The Rainbow ClauseRating: 3.5 stars
Buy Link:
Amazon | iBooks | Amazon UK
Length: Novel

Colin is the hottest rookie quarterback in the NFL. He’s a Heisman Trophy winner and the NFL Rookie of the year. His skills are hot and most think that the man himself is hot as well. Journalist Nick certainly thinks that Colin is hot, and there is that Sports Illustrated cover to prove it as well.

While Colin has all the success on the field, his personal life is another matter. Colin has known for a while that’s he’s bisexual and had a clause written into his contract, The Rainbow Clause, to be able to come out. Colin is ready, or he thought he was.

Nick is there to help smooth the transition, as well as to write the article on Colin’s coming out as he moves temporarily into Colin’s Miami home to get the inside scoop on Colin, who so far as managed to remain extremely private. The attraction is all too real as the men fall quickly for each other. Nick knows this is a major story for him, but it is also a huge conflict of interest for him and keeping his growing relationship with Colin out of the public eye may not be that easy.

This book offers many things I like to read, starting with athletes. While Colin is indeed a quarterback, the majority of the book takes place during the off season and there is no actual football. There were two good characters here, but this book just didn’t quite resonate with me the way it should have. For a coming out story and for Colin basically having his first relationship, this book lacked emotion as well as depth for me.

Colin has made it to the NFL, but he has struggled with his personal life. He fell in love with his best friend, Jemma, but when she didn’t return his feelings, Colin had a hard time moving on. Colin and Nick met previously when Nick interviewed Colin, but Colin doesn’t remember meeting Nick so it then didn’t offer an intriguing set up here and fell rather flat for me.

The guys both have issues to get through, but there is a back story added in for Nick from a previous assignment that he is dealing with and it didn’t really fit well into this book for me. This issue is on the forefront, but then disappeared without any resolution. The attraction also didn’t come off the page for me. We are told they are attracted to each other, but it was all slow for me — not slow burn, just slow. While it took the guys longer to get together, there wasn’t that burning intensity that I felt should have been driving the story as it was presented.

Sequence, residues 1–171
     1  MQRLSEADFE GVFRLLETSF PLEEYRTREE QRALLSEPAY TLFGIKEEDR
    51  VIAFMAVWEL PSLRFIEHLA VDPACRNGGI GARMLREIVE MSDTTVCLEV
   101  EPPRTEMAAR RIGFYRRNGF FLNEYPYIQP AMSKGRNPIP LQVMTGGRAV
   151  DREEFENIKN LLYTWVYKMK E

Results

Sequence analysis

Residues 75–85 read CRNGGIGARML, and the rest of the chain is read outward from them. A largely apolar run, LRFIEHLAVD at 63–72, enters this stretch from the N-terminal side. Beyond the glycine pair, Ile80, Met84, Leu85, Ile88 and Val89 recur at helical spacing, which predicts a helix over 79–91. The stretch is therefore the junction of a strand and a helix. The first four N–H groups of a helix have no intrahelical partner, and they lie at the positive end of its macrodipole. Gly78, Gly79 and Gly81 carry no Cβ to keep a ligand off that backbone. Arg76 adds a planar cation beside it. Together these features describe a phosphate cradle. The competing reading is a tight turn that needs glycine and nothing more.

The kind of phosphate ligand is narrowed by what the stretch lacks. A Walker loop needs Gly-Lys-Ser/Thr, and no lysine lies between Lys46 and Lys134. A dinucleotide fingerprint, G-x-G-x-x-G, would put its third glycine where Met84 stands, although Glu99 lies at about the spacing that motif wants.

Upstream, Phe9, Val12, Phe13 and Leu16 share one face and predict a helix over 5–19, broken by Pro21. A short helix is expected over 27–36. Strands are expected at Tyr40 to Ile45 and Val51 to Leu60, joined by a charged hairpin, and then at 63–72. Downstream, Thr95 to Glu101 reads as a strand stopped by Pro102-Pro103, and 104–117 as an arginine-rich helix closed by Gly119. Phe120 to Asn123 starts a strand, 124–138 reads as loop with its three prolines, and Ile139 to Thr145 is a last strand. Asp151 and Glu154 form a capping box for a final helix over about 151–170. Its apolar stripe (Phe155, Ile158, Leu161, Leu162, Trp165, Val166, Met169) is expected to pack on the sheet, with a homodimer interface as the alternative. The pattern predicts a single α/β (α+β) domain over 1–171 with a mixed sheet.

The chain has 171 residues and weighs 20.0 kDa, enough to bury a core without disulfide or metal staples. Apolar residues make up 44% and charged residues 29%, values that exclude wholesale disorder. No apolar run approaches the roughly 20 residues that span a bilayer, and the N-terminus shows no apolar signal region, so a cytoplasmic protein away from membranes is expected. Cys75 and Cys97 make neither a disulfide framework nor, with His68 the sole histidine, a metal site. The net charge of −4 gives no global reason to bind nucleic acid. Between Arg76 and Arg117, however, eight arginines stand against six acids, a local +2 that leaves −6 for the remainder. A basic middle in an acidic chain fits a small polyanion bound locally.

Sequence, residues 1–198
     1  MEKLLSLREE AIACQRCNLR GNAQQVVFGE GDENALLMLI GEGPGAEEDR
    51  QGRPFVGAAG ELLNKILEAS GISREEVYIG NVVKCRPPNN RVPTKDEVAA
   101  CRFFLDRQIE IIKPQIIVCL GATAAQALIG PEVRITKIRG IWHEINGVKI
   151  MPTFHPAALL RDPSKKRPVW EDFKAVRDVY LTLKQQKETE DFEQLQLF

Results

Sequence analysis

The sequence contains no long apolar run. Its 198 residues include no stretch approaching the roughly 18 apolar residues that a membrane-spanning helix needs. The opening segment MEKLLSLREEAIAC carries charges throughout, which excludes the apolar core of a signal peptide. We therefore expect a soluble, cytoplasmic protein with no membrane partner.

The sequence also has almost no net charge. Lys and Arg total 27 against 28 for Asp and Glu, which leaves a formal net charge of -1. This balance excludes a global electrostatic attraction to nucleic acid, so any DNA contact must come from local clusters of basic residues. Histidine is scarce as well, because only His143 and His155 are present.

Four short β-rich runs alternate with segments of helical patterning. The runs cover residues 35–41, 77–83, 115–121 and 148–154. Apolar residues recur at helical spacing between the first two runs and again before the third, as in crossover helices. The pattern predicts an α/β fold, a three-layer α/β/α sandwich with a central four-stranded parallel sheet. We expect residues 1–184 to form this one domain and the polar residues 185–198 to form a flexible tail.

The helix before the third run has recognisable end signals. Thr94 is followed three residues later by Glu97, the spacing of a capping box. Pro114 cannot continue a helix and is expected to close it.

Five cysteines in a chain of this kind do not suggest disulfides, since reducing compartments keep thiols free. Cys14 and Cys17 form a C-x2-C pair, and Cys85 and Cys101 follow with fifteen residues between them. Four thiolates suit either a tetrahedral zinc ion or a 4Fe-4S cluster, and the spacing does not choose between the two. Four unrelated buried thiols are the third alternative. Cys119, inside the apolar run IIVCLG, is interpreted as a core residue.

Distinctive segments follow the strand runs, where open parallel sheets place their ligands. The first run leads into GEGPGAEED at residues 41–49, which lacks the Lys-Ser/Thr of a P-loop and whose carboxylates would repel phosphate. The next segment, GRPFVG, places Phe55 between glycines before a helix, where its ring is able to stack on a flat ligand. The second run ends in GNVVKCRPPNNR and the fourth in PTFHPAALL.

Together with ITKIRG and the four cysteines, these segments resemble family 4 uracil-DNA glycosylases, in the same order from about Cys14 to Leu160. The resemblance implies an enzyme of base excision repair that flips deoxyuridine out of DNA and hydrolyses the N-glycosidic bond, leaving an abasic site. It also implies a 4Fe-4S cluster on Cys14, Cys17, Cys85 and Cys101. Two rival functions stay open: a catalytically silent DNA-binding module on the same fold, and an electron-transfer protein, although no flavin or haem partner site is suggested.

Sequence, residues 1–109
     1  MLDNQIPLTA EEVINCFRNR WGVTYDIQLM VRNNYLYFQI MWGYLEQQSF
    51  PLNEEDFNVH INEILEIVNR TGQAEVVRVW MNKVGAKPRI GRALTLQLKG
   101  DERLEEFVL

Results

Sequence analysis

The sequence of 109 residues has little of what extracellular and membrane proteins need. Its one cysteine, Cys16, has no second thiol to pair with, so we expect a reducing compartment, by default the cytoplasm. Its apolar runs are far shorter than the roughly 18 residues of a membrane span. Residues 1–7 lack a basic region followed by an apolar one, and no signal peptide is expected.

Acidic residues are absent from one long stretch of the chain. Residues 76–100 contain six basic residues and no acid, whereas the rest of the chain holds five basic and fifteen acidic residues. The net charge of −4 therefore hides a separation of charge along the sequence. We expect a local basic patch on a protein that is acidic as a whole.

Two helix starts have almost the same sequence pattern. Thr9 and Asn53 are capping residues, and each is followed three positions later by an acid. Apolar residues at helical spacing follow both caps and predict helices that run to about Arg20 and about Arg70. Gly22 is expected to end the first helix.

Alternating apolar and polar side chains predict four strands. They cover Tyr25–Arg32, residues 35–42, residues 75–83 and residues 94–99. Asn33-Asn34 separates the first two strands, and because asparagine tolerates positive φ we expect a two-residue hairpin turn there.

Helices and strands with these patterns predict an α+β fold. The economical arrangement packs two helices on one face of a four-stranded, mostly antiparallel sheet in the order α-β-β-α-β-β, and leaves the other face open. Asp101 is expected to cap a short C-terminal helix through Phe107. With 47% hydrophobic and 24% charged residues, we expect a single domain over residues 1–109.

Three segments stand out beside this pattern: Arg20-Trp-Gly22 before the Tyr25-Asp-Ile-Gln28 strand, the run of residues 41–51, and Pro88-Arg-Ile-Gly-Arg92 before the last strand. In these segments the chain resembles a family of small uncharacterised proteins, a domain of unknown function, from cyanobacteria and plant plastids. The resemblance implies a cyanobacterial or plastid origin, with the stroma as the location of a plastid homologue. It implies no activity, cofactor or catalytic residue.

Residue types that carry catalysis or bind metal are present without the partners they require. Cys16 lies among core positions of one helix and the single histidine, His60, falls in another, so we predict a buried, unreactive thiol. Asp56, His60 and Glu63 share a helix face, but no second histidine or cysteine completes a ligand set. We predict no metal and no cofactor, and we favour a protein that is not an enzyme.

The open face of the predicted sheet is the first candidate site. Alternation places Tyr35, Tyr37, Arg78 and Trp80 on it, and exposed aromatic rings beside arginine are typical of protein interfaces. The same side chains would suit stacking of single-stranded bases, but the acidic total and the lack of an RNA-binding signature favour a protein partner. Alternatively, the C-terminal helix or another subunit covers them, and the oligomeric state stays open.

There were also long passages of inner dialogue. A question would be asked and there would be a lengthy internal narrative and then the question would be answered, although the flow of conversation had been broken and much of it read as dry. There is also a passage of Colin being asked who he admires. An answer is given and referred to several times, with the same misspelling each time, but he never explains why he feels the admiration for this individual and it read as oddly placed.

When the guys do get together, their scenes had some heat, but it wasn’t enough to carry the entire story and they constantly tell each other how “hot” they think the other is. Toward the end, I wasn’t fully on board with how Nick dealt with things and then it all didn’t seem worthwhile given what ultimately transpired.

On paper, this sounded like it should have been a winner for me but it didn’t resonate with me. But if you like the premise perhaps it will resonate better with you.


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